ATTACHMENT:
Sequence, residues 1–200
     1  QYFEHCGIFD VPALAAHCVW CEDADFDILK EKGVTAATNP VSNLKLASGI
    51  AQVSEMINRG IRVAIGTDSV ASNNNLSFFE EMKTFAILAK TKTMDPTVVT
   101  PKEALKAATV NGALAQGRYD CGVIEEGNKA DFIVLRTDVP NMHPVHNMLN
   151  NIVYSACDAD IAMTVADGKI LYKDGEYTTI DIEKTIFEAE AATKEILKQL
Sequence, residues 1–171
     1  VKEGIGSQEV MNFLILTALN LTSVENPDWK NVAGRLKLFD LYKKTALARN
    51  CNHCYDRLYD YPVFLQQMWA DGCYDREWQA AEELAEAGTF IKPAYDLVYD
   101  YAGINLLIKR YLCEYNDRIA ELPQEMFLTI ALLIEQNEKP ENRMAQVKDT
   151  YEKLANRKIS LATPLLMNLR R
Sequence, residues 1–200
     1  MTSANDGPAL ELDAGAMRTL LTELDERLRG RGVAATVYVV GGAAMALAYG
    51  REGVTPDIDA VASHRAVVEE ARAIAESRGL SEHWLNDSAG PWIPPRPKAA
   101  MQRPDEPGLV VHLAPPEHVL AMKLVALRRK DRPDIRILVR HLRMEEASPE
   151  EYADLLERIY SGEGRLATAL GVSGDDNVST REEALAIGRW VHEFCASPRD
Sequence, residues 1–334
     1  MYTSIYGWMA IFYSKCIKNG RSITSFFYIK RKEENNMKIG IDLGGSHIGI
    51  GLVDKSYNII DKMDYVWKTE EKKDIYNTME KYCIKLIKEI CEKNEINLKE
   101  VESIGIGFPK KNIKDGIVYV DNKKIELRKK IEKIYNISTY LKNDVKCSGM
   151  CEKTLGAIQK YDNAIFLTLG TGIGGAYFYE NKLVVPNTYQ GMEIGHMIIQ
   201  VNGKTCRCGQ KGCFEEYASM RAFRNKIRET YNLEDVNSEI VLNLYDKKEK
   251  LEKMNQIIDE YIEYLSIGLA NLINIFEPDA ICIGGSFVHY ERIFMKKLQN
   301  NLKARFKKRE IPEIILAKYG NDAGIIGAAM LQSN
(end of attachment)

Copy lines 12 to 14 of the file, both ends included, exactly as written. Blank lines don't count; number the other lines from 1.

     1  MTSANDGPAL ELDAGAMRTL LTELDERLRG RGVAATVYVV GGAAMALAYG
    51  REGVTPDIDA VASHRAVVEE ARAIAESRGL SEHWLNDSAG PWIPPRPKAA
   101  MQRPDEPGLV VHLAPPEHVL AMKLVALRRK DRPDIRILVR HLRMEEASPE